Henri Martin, ‘cantor of the Lot’.
Determined to devote his life to painting, Henri Martin was 19 when, in 1879, he obtained a scholarship from the City of Toulouse to study at the Beaux-Arts in Paris. In order to perfect his academic education, he left the capital to discover the light and landscapes of Italy. On his return to France, his aesthetic aspirations intermingled, making the artist an unclassifiable painter: symbolist through his poetic, even metaphysical inspiration (the muses invade his canvases), or pointillist and impressionist by techniques of dividing colours by iridescent touches.
Henri Martin gained notoriety by specialising in the decoration of official buildings from the 1890’s until 1935: at the Capitole in Toulouse, at the Sorbonne, at the Council of State in Paris, at the Lot prefecture, in the town halls of the 5th and 10th arrondissements… With his acute sense of observation, he transcribed majestic settings of nature and light throughout the seasons into his paintings.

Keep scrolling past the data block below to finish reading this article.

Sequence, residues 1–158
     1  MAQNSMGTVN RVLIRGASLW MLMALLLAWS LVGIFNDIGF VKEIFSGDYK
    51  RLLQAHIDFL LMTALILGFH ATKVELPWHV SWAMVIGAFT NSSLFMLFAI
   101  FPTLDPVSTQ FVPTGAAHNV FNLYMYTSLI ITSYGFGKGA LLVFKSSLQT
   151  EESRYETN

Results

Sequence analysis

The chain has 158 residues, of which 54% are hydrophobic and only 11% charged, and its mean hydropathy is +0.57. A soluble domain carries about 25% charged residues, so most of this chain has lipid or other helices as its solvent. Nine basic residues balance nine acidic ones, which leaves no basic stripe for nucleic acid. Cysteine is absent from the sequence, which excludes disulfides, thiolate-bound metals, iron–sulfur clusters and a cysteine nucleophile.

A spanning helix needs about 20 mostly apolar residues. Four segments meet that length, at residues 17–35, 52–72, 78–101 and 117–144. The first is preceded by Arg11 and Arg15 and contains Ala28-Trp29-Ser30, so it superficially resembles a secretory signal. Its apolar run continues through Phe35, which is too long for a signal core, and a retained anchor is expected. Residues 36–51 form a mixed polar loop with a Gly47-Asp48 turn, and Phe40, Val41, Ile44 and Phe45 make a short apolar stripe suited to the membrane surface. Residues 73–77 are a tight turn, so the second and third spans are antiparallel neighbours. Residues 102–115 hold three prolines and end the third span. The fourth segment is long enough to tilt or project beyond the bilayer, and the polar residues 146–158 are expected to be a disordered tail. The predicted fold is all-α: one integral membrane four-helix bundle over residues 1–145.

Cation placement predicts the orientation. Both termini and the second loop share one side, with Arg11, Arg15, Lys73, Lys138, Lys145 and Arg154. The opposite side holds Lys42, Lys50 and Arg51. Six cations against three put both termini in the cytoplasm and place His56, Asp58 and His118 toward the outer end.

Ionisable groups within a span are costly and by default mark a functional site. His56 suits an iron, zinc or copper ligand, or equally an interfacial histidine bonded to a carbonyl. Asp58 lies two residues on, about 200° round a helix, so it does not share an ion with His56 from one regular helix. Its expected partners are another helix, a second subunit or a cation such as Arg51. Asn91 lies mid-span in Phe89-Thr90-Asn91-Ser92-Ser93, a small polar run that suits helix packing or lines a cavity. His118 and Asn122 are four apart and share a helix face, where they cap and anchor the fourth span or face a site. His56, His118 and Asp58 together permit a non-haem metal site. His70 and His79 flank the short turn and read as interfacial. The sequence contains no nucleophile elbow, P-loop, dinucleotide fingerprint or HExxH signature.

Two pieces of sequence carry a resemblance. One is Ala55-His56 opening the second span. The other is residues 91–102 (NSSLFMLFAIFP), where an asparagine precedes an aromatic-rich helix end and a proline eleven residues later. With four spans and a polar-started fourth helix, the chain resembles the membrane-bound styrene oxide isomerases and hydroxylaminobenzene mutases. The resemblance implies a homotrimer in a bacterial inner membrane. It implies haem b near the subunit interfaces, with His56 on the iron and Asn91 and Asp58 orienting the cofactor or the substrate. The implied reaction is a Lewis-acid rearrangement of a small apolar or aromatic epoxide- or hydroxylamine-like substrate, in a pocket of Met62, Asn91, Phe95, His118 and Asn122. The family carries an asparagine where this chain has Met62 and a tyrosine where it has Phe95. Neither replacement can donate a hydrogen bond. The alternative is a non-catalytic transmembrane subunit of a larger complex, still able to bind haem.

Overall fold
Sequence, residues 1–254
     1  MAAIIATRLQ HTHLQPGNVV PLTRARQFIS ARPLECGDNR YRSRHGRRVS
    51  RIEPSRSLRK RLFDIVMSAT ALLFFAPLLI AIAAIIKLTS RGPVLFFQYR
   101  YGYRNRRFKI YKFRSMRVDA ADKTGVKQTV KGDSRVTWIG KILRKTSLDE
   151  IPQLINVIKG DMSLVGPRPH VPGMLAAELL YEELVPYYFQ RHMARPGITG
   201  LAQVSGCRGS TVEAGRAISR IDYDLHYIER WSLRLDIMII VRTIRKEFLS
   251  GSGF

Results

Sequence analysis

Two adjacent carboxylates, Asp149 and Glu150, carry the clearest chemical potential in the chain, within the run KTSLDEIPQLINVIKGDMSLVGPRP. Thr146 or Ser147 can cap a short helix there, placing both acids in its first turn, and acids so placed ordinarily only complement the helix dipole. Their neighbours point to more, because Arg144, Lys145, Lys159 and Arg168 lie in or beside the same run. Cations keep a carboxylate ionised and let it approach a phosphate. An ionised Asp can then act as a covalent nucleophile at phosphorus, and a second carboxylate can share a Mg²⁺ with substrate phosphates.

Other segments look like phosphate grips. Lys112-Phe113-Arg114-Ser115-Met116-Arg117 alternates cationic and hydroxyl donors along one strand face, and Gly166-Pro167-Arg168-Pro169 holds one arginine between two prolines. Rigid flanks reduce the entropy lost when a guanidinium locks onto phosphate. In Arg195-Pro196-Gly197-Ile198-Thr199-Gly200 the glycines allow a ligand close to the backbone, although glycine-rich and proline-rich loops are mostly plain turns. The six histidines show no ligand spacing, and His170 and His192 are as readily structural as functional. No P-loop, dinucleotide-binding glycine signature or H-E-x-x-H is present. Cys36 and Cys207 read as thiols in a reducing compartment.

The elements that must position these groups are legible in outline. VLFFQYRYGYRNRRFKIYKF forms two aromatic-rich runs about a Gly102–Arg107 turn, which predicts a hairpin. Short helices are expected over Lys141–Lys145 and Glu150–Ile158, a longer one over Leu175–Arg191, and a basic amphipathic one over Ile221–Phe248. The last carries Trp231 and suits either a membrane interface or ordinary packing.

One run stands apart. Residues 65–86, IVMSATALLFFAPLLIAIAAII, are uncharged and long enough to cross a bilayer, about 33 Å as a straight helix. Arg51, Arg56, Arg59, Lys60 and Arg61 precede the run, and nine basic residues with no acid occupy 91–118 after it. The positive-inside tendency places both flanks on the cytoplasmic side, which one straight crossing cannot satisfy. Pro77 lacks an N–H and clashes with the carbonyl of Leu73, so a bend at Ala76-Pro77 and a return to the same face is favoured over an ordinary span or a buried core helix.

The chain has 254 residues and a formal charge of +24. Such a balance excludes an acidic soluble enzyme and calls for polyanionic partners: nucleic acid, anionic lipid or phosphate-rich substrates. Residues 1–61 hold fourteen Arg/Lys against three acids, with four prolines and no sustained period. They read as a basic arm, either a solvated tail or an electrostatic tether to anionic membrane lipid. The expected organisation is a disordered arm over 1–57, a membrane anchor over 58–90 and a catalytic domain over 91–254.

Rigorous and executed with speed, these ornaments required a great deal of preparatory work. He painted on large canvases which offered, once rolled up, ease of transport. This technique gave him the leisure to work in his Parisian studio.